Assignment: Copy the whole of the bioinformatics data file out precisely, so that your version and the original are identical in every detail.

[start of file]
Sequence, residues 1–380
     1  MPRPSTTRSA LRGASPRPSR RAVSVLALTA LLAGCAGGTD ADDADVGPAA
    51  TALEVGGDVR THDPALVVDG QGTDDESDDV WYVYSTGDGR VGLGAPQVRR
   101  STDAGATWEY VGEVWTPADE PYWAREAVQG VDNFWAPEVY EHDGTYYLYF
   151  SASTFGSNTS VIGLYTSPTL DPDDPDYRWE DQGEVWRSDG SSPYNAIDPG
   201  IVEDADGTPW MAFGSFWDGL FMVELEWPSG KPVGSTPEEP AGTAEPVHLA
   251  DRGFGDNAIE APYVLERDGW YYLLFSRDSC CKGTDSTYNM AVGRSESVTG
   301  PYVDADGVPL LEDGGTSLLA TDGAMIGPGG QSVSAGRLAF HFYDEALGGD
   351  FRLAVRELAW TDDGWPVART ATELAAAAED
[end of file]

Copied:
Sequence, residues 1–380
     1  MPRPSTTRSA LRGASPRPSR RAVSVLALTA LLAGCAGGTD ADDADVGPAA
    51  TALEVGGDVR THDPALVVDG QGTDDESDDV WYVYSTGDGR VGLGAPQVRR
   101  STDAGATWEY VGEVWTPADE PYWAREAVQG VDNFWAPEVY EHDGTYYLYF
   151  SASTFGSNTS VIGLYTSPTL DPDDPDYRWE DQGEVWRSDG SSPYNAIDPG
   201  IVEDADGTPW MAFGSFWDGL FMVELEWPSG KPVGSTPEEP AGTAEPVHLA
   251  DRGFGDNAIE APYVLERDGW YYLLFSRDSC CKGTDSTYNM AVGRSESVTG
   301  PYVDADGVPL LEDGGTSLLA TDGAMIGPGG QSVSAGRLAF HFYDEALGGD
   351  FRLAVRELAW TDDGWPVART ATELAAAAED